For the past three years, figures in America’s foreign policy establishment as well as media kibbitzers who knew little about Israel had a constant refrain: Tzipi Livni, the glamorous head of the Kadmia Party, should replace Benjamin Netanyahu as Israel’s prime minister. In the aftermath of Netanyahu’s election in February 2009, the Obama administration openly plotted to topple the new leader and replace him with Livni, whom they viewed as more pliable on the Palestinian issue. Once that ploy failed as President Obama’s attacks on Netanyahu only strengthened him at home, Netanyahu’s American critics could only sit back and wait patiently until Livni defeated him on her own. But the wait is going to be a lot longer than many in Washington thought.
Last night, Livni lost her perch as opposition leader as the members of her rapidly shrinking party rejected her in favor of former General Shaul Mofaz in a primary to determine who will top the party’s list in the next election that is currently scheduled for October 2013. That Livni, who was feted abroad and was prominently placed on lists of the world’s most important women, was defeated at all will come as a shock to her foreign admirers. But this was no ordinary defeat. The lady who only a couple of weeks ago was lauded as Israel’s “voice of reason” in a fawning piece by John Avlon in the Daily Beast, was slaughtered by Mofaz, 62-38 percent. The question now is whether Americans who were under the delusion that Livni represented a viable alternative to Netanyahu’s popular government will get the message.
The Kadima that Mofaz will lead into the next election is vastly diminished from the juggernaut formed by Ariel Sharon when he left Likud in the wake of the withdrawal from Gaza in 2005. Sharon skimmed the biggest opportunists in Labor and Likud to create what many imagined to be the first viable centrist political grouping in the country’s history. But after its bigger-than-life leader was removed from the scene by a stroke, Kadima was seen to be an empty shell whose only purpose was to find government posts for its leading personalities. Ehud Olmert led it to an election victory in 2006 in the immediate aftermath of Sharon’s illness but was soon proved to be hopelessly over his head.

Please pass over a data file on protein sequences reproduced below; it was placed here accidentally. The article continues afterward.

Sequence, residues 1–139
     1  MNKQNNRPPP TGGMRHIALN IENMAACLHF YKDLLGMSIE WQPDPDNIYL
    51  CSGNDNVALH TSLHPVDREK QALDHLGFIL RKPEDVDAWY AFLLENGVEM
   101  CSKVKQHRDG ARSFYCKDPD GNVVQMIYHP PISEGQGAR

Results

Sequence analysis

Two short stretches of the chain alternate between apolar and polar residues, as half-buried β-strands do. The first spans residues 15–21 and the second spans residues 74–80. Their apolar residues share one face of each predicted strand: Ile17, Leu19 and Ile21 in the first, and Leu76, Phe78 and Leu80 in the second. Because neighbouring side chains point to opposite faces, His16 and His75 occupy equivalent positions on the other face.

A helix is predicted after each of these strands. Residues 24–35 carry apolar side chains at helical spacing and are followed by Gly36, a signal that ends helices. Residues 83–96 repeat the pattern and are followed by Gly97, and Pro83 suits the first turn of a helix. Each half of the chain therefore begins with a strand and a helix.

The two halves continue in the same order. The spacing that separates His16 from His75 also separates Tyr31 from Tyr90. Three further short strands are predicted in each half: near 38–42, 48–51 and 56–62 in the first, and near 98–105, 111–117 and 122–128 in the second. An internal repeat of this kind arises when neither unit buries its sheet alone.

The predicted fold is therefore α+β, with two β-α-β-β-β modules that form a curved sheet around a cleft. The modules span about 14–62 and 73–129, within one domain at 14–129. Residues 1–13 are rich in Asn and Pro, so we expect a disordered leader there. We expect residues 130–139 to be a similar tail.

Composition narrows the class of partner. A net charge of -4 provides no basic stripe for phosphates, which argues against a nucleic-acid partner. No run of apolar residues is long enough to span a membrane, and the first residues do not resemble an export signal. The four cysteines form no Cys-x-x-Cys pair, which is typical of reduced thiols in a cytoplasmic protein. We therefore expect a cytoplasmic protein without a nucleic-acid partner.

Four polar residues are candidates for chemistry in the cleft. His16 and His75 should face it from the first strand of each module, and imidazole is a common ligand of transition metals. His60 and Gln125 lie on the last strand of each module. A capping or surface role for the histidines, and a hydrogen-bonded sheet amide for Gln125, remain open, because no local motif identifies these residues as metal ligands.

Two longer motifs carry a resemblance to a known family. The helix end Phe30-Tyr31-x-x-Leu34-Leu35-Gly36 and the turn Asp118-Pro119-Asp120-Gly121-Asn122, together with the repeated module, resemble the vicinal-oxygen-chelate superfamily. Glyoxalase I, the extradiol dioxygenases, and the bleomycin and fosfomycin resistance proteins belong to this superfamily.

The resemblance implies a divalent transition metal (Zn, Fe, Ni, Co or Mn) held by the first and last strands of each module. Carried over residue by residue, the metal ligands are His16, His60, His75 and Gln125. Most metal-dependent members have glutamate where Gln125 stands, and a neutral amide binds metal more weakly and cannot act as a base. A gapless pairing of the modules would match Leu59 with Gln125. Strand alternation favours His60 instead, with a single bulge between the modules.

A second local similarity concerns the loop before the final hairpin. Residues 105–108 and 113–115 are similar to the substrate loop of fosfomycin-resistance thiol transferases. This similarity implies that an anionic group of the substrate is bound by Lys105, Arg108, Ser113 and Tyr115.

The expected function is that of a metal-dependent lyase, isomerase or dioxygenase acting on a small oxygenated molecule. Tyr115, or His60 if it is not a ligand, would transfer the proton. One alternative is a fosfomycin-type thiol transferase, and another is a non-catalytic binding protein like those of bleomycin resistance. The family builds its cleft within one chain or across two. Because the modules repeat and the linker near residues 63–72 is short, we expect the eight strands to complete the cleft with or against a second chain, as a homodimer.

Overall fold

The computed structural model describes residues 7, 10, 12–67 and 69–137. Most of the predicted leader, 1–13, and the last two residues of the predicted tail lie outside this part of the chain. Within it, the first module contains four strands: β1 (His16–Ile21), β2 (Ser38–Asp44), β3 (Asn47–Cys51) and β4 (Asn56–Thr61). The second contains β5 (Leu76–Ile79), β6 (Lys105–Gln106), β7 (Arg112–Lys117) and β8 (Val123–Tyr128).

Livni served as his foreign minister and hoped to replace him after the disastrous Lebanon war but was outmaneuvered by Olmert. That was an early sign she had no capacity for leadership. She got her chance to run for prime minister in 2009. As a fresh face with no corruption charges currently pending against her, Livni ran a good campaign and enabled Kadima to win the most seats. However Netanyahu’s coalition of center-right parties far eclipsed its total. But rather than serve under another rival, she made the fatal mistake of leading Kadima into the opposition. The problem was that Livni and Kadima lacked any coherent vision of a different approach to Israel’s problems. Though Americans who disliked Netanyahu saw her as the pro-peace alternative, Israelis were aware her views on the issues were almost indistinguishable from those of the Likud leader. Her only real disagreement with him was based in her conviction that she ought to be Israel’s prime minister, a point on which few of her countrymen, even the members of her own party, agreed.
Some Israeli pundits think the selection of Mofaz is a blow to Netanyahu, as he was obviously relishing a chance to trounce her at the polls. But the former general will be another disappointment to American Bibi-haters. The gruff former military man won’t win the hearts of Westerners longing for a weak Israeli leader. He will try to carve out a position slightly to the left of Netanyahu, but Israelis understand the Palestinians have no interest in negotiating a two-state solution under any terms they can live with. Though he may prevent Kadima from collapsing at the next ballot, the party is facing stiff competition from a newly revived Labor and another new centrist party led by Yair Lapid. Polls show that none have a ghost’s chance of beating Netanyahu and Likud.
Livni will, no doubt, have a successful career ahead of her speaking to liberal American Jewish groups for large speaking fees much as her former boss Olmert got cheers at the J Street conference last week that the former PM, who is a pariah in Israel, could never hope to get at home. But the lesson here is that Israelis who are more popular in Washington than in Jerusalem and Tel Aviv are not to be taken seriously.